Of course you are right that what I am reporting is simply my personal experience with FreeBSD. I can't make any claims based on knowledge of the experience of the whole community -- I don't have that data. But we do have *some* of that data -- scan these forums, and you find a lot of chatter about problems with the new USB code. The old code was broken, yes? That's why it got re-written and never should have been released in the first place in the condition it was in, IMHO. Now we have a replacement, and it also has problems, serious problems that I and others have encountered. I am questioning the testing and release procedures that allow stuff like this to get released. I personally encountered a bug last year in the ext2 code (amd64-only) that would kill the system when writing to ext2 filesystems. How'd that get into production? Writing to ext2 with the amd64 build clearly did not get tested, because it didn't work.

I simply don't encounter stuff like this with OpenBSD. Is it bug-free? I'm sure it isn't. But you can't find entire subsystems that don't perform their *basic* functions, as has been the case with the FreeBSD USB and ext2 code. That kind of stuff just never makes it to production -- their QA procedures catch such problems (I'm sure the fact that they are fanatical about using their own CURRENT themselves on their development machines is also a major contributor to the system's stability).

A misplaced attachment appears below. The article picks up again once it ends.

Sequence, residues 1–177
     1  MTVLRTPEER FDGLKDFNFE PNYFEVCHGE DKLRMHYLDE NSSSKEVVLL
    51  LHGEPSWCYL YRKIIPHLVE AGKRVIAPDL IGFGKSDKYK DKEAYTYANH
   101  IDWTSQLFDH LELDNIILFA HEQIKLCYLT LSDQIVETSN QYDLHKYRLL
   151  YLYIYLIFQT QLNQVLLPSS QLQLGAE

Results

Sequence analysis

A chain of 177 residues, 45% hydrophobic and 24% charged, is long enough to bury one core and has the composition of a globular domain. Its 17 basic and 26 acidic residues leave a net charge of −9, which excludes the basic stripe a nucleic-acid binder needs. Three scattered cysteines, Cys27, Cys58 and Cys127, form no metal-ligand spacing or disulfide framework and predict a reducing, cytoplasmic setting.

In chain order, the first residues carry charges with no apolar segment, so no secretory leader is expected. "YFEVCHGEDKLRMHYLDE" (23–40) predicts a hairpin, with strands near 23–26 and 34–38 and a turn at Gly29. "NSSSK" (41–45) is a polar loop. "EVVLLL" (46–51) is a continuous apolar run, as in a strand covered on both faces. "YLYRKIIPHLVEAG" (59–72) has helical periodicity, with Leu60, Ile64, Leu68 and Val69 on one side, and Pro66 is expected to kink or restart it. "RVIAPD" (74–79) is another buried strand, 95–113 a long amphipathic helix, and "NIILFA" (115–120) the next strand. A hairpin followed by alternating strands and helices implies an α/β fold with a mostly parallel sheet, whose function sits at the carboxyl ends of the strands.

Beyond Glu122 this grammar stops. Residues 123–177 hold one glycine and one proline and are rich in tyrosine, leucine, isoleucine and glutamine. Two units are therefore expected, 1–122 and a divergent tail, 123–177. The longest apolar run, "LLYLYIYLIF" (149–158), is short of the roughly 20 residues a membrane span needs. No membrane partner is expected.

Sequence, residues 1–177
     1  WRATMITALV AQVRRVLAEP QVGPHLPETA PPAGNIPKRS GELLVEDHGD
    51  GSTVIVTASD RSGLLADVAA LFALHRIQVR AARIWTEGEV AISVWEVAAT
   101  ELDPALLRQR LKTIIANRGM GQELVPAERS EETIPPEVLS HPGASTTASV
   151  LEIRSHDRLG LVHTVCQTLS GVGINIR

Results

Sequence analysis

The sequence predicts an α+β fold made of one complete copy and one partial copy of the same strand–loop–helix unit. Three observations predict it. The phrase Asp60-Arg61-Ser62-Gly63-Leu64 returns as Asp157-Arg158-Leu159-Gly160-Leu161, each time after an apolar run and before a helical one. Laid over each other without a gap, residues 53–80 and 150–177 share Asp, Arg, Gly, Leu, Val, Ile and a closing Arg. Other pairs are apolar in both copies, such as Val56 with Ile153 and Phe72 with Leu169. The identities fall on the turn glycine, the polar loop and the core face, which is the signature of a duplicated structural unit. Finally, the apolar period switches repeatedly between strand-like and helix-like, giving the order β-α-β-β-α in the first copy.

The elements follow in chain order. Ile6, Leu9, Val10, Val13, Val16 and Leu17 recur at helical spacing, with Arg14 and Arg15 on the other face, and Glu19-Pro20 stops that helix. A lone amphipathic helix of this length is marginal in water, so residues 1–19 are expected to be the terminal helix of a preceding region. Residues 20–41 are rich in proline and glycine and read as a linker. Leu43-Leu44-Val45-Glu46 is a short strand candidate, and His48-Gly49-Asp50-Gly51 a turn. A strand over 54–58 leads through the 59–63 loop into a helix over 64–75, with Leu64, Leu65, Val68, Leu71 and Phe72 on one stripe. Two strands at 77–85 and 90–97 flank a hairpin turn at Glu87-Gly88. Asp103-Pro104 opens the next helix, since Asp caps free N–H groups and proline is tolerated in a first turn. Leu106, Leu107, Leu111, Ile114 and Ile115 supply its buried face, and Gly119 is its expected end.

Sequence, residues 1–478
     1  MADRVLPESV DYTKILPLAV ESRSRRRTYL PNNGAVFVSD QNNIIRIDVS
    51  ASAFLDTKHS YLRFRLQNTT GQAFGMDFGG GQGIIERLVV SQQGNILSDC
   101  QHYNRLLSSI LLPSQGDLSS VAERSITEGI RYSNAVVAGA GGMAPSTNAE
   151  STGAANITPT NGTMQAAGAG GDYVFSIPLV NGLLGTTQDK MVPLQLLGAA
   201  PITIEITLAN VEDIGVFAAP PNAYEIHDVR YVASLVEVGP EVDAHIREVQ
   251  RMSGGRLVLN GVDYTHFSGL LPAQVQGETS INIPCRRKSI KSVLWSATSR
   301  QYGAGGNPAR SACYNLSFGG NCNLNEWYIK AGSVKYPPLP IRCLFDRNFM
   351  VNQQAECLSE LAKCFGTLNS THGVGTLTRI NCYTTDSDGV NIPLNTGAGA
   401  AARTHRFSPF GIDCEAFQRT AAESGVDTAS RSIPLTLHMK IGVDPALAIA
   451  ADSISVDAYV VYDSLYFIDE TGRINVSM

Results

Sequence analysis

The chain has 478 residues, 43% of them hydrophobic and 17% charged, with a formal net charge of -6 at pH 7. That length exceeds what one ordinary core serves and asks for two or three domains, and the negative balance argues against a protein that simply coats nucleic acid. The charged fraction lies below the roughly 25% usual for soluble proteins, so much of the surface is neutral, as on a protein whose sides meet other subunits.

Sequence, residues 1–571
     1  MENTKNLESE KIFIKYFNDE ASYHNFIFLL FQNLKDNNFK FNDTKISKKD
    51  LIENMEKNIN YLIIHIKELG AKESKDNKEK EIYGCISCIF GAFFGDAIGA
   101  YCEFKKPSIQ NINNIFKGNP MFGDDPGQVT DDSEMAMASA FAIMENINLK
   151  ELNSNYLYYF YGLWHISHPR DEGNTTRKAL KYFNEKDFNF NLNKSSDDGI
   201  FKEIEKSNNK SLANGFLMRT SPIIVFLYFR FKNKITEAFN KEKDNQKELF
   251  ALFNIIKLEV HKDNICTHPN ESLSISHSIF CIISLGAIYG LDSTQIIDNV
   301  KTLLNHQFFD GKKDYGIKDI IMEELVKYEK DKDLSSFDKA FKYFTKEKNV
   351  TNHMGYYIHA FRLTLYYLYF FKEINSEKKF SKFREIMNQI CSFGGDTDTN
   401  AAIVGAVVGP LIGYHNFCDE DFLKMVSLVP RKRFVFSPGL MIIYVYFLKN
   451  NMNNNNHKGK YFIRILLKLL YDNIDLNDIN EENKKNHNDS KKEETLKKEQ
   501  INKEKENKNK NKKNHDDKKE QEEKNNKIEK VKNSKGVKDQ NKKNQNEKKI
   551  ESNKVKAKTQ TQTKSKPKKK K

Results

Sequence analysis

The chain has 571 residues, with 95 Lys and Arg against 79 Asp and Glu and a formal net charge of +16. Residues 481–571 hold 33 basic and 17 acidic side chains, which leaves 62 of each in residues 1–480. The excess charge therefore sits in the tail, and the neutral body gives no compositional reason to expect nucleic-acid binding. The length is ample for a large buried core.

I am NOT writing what I have to tear down FreeBSD. Quite the contrary. The system clearly has major strengths; if I didn't think so, I'd just walk away and not bother with all this writing. But it appears to me (and I have a lot of relevant experience -- I just retired after a 45 year career in software development that included a lot of OS work, including Unix on multiprocessor machines, and management of large software projects, as well as individual coding that I do to this day) that the QA/release-engineering components need real attention, because -- my opinion -- they are repeatedly allowing gross bugs of the sort that you don't find in OpenBSD or good Linux distributions to find their way into production releases.

/Don Allen
 

richardpl

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ext2 code is not important for FreeBSD, if you care for it then please be, find or pay someone to maintain it.

And you are just trolling.
 

dennylin93

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I think richardpl's right. Not many users using FreeBSD care about ext2fs anyway. However, some new improvements were committed recently: [HEADSUP] Google SoC work on ext2fs to be committed.

I haven't been using FreeBSD for a long time (just over 1 year), but it has become my favourite OS, and I haven't had any major problems with it yet. However, it might be because I've been using -RELEASE all the time, since -STABLE and -CURRENT seem a bit too adventurous to me.
 
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donallen

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richardpl said:
ext2 code is not important for FreeBSD, if you care for it then please be, find or pay someone to maintain it.

And you are just trolling.

Wrong on both counts. Good post.

FYI, though I don't know why I'm bothering, the ext2 bug was fixed about a year ago. My point, which you missed, was not that ext2 was buggy now. The point was that the bug I encountered last year never should have made it into a production release (7.1), in my opinion, because it was so easy to provoke with routine testing.